Mr. Schwarzenegger may well be Venice’s biggest fan, as he demonstrated during a two-hour tour of the place he came to as an aspiring bodybuilder and where he still keeps his office. Unabashedly nostalgic, he pointed out the fading remains of the sign on an old Gold’s Gym building; the wall outside the onetime home of Rudolph Valentino that he built as a bricklayer; and the outdoor gym at Muscle Beach, where he happily posed for pictures. (“Excuse me, are you the Terminator?” one boy asked nervously.)
Even as governor, Mr. Schwarzenegger preferred to greet out-of-town visitors at his private office, arguing that Venice presented a better face of California than, say, Sacramento. And most weekends, when he is not acting in movies, he comes here from his Brentwood estate for a bicycle ride down the boardwalk. Or tries to.
“There are days when we can’t get through,” he said. “It’s wild, because the homeless wake up in the morning when you get there. They are there with their bags. They are coming out of holes and places. And you smell the incense. The touch of the ’60s is all there, and all the street vendors are coming out.”
“This place is insane,” he said. “You never have to smoke a joint in Venice. You just go on a bicycle ride in the morning, you just inhale, and you live off everyone else.”
He stopped to point out where he and Jack LaLanne had worked out, as what could have been a younger version of the governor whacked a punching bag by the beach. “You can see the way it’s built up,” he said. “The grass. The bathrooms. None of that was here. Some people think it’s lost personality. I don’t think it’s lost personality.”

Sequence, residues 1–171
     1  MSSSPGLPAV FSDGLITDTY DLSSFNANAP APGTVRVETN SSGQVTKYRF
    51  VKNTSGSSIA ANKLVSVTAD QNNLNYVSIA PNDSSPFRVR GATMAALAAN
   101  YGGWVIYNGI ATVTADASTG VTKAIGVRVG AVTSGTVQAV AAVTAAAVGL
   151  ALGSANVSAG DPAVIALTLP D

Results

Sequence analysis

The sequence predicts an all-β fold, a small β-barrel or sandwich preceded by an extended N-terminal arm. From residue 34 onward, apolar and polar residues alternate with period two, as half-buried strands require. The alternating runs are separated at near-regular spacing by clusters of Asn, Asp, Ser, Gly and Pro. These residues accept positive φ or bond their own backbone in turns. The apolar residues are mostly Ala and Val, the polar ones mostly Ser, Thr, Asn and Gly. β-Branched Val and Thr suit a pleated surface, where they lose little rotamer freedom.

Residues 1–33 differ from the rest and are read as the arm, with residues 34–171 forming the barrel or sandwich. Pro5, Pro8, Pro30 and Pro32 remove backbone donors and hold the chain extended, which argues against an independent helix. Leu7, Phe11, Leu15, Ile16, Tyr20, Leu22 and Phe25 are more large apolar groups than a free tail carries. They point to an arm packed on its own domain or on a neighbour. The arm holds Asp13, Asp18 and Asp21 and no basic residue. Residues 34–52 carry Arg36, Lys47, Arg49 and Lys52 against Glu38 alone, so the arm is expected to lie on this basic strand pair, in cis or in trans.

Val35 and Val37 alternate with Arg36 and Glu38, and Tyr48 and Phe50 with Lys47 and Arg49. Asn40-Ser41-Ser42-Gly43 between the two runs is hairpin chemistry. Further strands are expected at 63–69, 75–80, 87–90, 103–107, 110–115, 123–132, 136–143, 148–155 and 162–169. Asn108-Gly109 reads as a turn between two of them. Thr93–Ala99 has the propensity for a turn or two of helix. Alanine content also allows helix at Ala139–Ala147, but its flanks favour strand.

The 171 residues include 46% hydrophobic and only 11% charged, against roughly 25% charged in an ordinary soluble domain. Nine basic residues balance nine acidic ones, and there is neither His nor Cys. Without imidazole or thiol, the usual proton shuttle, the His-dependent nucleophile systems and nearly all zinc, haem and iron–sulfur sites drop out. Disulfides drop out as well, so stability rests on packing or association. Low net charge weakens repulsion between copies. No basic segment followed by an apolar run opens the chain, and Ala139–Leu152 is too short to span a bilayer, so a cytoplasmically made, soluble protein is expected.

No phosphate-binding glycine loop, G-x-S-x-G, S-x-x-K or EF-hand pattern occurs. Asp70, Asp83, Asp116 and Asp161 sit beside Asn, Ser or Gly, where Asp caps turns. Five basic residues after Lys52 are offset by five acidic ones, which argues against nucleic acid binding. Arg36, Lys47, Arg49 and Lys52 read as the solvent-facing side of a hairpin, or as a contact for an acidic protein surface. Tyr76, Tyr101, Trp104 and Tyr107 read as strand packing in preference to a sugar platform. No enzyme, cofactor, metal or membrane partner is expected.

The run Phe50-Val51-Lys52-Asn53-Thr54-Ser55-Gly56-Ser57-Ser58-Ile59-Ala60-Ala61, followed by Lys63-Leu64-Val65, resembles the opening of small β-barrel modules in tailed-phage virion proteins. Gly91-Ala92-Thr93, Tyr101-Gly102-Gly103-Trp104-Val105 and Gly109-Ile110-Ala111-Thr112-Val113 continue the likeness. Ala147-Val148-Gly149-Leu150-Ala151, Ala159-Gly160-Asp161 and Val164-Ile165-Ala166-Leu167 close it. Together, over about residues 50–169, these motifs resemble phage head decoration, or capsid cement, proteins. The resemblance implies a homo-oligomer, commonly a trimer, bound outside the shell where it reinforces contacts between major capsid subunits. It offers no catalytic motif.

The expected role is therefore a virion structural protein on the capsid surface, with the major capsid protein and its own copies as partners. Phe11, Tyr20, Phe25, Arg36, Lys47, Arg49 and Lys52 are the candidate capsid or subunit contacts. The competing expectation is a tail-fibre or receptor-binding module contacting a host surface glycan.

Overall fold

Venice today is hardly like the community Mr. Schwarzenegger found when he first arrived, drawn by a promise of “nice buildings and hotels, kind of like a French Riviera type of look,” he said. “But when I got here, it was totally like a dump. It was dreadful.”
As recently as early 2006, it was still regarded as dangerous. Drug dealers could be found at all hours at Oakwood Park. Prostitutes roamed the surrounding streets wearing bright-red heels and leopard-print miniskirts. Crack cocaine addicts, their faces welted with sores, staggered along sidewalks that were broken or littered with trash.
But a crackdown by the Los Angeles Police Department helped transform Venice, as officers aided by helicopters swept out drug dealers and gangs. Abbot Kinney Boulevard, once just another forlorn Venice street, was named “The Coolest Block in America” by GQ magazine in its Style Bible this spring. There are plans to build a 720-foot-long zip line over the boardwalk.
Mr. Newman said Google had no desire to pick a fight with the bodybuilders. But the bodybuilders were not buying that. “If you don’t want the building, leave it alone,” said Big Will Harris.
In truth, Google may not be the only culprit here. The old World Gym at the top of Abbot Kinney, the place that was Mr. Schwarzenegger’s gym, has been bought. World’s is gone, and the space is being transformed into high-end shops and offices. The new owner and future tenant?
Arnold Schwarzenegger.